Use of a major medical center clinical laboratory as a reference laboratory for a developing country: Ordering patterns help set laboratory priorities

Jack H. Ladenson, Mitchell G. Scott, Derryck Klarkowski, Melles Seyoum

Research output: Contribution to journalArticlepeer-review

7 Scopus citations

Abstract

Background: The test menus for developed and developing countries may differ, depending on many factors, including the expected volume of testing, disease frequency and therapies available, clinical impact of the test, technical skill and equipment needed, cost, the patient population served, and whether alternative testing sites are available, and some of them may not be exactly known. We assessed test priorities in a developing country by making a broad range of tests available and then assessing which tests were actually used by the physicians in the country for the care of their patients. Methods: The Barnes-Jewish Hospital laboratory and Washington University Medical Center provided patients in the developing country of Eritrea access to the same tests as patients in St. Louis for all analytes that are stable at 4°C, the lowest temperature that could be used for shipping. Results: The use of the St. Louis laboratories increased steadily from 1998 to 2001. More than one-half of the physicians in Eritrea used the reference laboratories, with requests for thyroid function and female fertility representing 48-71% of the test requests over the 4 years evaluated. The high degree of utilization for these test batteries was not predicted. Testing for thyroid function, female fertility, and lipid panels are now performed, or soon will be performed, in Eritrea based on the experience of the reference laboratory system. The reference laboratory system is continuing so that the test priorities of the country can be evaluated on an ongoing basis and specialized tests can be made available at a low cost. Conclusion: The experiences of a reference laboratory for a developing country can help to identify unanticipated priorities for medical testing within the country.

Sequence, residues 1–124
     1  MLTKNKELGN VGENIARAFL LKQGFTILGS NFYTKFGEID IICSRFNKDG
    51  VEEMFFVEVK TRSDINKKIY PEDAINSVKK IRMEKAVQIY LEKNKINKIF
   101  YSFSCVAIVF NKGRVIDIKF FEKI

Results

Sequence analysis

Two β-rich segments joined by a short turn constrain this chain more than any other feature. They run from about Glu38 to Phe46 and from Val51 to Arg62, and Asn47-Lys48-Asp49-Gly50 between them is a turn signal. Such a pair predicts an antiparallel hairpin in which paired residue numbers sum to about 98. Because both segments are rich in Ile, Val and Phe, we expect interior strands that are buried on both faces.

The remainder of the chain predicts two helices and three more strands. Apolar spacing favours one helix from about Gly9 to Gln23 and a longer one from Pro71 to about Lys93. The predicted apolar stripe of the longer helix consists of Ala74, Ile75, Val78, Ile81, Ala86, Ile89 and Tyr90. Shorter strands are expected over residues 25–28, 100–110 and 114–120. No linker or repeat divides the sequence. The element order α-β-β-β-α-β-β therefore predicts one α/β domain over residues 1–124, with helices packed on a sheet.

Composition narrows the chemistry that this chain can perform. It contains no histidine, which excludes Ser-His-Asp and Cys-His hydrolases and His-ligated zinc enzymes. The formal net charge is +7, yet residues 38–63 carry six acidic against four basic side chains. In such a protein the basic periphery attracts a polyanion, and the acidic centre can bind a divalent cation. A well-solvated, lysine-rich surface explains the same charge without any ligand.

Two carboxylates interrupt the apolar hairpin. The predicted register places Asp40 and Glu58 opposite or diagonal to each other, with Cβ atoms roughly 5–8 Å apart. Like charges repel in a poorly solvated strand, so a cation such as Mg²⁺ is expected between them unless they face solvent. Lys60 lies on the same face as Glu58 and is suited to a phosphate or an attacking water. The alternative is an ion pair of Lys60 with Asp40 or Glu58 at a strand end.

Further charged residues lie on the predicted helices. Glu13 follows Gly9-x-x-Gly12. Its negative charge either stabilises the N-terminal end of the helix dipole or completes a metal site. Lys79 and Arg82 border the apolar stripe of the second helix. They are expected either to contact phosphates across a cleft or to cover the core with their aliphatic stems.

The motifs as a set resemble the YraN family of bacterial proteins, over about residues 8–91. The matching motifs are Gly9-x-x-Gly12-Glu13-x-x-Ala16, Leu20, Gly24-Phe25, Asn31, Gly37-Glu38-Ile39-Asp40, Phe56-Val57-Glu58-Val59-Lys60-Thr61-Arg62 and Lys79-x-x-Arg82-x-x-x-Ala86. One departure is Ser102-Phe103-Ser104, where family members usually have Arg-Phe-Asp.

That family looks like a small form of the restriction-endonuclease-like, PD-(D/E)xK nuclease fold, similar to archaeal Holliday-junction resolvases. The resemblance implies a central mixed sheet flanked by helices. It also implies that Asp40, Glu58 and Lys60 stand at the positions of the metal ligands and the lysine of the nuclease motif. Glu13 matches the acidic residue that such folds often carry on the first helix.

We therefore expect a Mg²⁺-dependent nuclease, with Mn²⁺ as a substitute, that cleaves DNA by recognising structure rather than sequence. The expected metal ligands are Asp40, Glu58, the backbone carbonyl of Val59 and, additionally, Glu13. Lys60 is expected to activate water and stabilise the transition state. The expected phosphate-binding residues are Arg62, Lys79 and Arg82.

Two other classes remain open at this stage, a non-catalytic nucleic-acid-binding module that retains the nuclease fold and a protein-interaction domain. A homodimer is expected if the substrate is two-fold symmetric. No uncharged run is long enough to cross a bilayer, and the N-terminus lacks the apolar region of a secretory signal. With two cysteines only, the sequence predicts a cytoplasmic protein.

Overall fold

Original languageEnglish
Pages (from-to)162-166
Number of pages5
JournalClinical chemistry
Volume49
Issue number1
DOIs
StatePublished - Jan 1 2003

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